Thursday, November 03, 2005

 

Chief Bratton: Overruled

Oh boy, the LAPD is never let off the hook, and never seems to get a day of rest when it comes to sorting out their own internal struggles. As we approach 2006, it seems that nothing has changed.

Before the vast majority of us stepped into law enforcement, each and every major department had an internal affairs bureau. The investigators from internal affairs, all sworn law enforcement officers, spent their time weeding through cases that involved a use of force and/or an officer involved shooting. Despite what you might want to believe, cops are good people, and 99% percent of the time their use of force is justified. Many people get the wrong idea about internal affairs because of what they see on TV, but internal affairs does more to help cops than they do to harm them. If anything, you want them on your side when a shooting happens, because they'll be the ones to clear you and justify your use of force.

Enter John Mack, the new president of the Police Commission within the City of Los Angeles. Mayor Villaraigosa appointed John Mack to head the Police Commission, who oversees every use of force case by officers. Despite what the Internal Affairs Bureau does to clear an officer, there's a good chance that Mack's commission will recommending that the officer is given his walking papers. Today, a detective learned that lesson first hand.
Los Angeles Mayor Antonio Villaraigosa's newly appointed Police Commission has overruled Police Chief William J. Bratton and concluded that a detective with the Special Investigation Section acted improperly in shooting an unarmed burglary suspect last year.

The commission, which the mayor promised would be "vigorous in their oversight" of the LAPD, declined to accept Bratton's recommendation that the detective used proper force as allowed by department policy when he wounded the man last year in Van Nuys.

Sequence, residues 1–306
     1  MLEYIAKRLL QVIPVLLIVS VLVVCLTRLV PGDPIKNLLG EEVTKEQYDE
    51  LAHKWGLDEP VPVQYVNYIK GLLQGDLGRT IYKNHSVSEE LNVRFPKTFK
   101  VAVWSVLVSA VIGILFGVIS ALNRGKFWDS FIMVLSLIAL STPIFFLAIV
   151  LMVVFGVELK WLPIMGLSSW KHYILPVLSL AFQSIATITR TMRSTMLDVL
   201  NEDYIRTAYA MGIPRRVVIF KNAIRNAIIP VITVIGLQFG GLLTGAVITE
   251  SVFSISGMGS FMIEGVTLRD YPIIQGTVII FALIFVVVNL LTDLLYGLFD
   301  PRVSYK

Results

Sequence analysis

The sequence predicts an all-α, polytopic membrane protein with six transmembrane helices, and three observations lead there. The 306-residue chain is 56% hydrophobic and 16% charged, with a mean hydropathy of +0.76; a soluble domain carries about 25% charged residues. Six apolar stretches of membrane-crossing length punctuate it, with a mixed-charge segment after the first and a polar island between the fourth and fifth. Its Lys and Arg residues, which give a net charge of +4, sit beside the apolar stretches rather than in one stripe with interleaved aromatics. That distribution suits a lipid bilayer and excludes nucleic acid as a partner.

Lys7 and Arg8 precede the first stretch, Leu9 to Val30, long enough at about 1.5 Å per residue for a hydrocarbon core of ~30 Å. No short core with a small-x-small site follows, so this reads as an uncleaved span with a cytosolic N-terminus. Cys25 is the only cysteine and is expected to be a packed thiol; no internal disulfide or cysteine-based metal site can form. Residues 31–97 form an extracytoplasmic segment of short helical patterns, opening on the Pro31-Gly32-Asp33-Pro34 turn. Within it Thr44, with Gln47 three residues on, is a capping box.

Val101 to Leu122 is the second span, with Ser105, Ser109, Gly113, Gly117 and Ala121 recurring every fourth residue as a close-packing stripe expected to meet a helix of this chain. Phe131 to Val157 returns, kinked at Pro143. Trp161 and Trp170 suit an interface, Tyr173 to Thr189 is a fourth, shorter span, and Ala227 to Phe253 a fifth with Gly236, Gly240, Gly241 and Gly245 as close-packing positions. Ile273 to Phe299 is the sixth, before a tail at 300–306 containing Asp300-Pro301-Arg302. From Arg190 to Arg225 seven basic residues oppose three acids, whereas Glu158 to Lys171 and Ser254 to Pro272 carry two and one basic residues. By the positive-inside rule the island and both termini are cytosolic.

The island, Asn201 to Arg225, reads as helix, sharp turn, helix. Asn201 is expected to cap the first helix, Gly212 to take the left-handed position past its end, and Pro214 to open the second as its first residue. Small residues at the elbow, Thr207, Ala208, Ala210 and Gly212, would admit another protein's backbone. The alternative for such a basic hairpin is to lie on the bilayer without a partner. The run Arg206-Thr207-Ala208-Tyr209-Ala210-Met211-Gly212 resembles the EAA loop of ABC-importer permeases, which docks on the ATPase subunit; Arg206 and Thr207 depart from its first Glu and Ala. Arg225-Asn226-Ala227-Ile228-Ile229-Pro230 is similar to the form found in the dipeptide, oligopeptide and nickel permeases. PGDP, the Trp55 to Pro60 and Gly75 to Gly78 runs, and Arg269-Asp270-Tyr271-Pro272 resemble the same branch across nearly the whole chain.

"This decision was not bound by personalities," commission President John Mack said. "We went where the facts took us. It is nothing personal."It is unusual for the commission to reject the chief's findings. In the vast majority of LAPD shootings, commissioners follow the recommendations of the chief when it comes to determining whether officers acted within the department's use-of-force policy, a Times review found. This track record has prompted LAPD critics to accuse the commission of being a rubber stamp for the chief and for not acting vigorously against police misconduct.

The new panel is expected to deal with several high-profile police misconduct cases in the months ahead, including the killing of 13-year-old Devin Brown at the end of a police chase and the shooting death of 19-month-old Suzie Peña during a hostage standoff.

If you remember, the Suzie Pena case involved a crazy illegal immigrant who was hooped-up on meth and decided to take a shotgun to SWAT team members while using his daughter as a human shield. We're going to be waiting on pins and needles to see what happens to the officers who had no choice but to shoot the man who was using the child as a shield, and in turn, shot the child as well.

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